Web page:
The Internal Revenue Service is well aware that cybercriminals are trying to steal your identity. All a hacker needs to file a fraudulent claim on your account is your name and Social Security number.
Think about that for a moment. Only two things separate you from a hacker getting your tax refund, which is why the IRS created the Identity Protection PIN for some taxpayers.
The IP PIN is a six-digit personal identification number that prevents someone from using your Social Security number on federal tax returns, not state tax returns. If the IRS assigns you an IP PIN, you can't opt out of using it. The IRS will issue you a unique IP PIN each year. Note: The six-digit IP PIN is different from your five-digit eFile PIN.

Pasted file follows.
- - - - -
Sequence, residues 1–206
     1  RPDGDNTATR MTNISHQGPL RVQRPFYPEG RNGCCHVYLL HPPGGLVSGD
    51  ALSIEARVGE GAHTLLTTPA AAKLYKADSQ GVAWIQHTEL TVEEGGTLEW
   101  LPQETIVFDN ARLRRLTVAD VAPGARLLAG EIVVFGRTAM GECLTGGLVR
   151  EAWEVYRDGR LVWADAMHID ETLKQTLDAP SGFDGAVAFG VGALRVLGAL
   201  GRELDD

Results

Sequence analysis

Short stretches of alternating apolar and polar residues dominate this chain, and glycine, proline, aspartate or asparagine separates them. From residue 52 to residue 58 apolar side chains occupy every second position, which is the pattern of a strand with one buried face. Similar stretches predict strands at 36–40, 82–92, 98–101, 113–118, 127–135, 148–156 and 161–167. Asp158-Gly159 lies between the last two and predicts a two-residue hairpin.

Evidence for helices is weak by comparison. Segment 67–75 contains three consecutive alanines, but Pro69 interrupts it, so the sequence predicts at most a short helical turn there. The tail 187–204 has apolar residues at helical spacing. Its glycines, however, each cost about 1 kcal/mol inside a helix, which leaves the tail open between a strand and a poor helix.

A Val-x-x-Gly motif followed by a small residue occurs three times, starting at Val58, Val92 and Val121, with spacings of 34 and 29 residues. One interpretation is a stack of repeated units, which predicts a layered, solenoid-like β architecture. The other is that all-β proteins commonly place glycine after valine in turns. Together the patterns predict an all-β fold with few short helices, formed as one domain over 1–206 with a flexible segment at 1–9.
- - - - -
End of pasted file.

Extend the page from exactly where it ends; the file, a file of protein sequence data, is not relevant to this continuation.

The IRS will assign you an IP PIN, for example, if you were the victim of identity theft. You will typically receive a letter from the IRS in the mail in December or January. If you have an IP PIN, you use it when filing federal taxes, if you're using forms 1040, 1040A, 1040EZ, 1040PR, or 1040SS.
You're required to get an IP PIN if at least one of the following occurred:
- The IRS mailed you a CP01A Notice with your new IP PIN and you lost it
- The IRS assigned you an IP PIN in the past, but you have not received one for 2016
- The IRS rejected your e-Filed tax return for a missing or incorrect IP PIN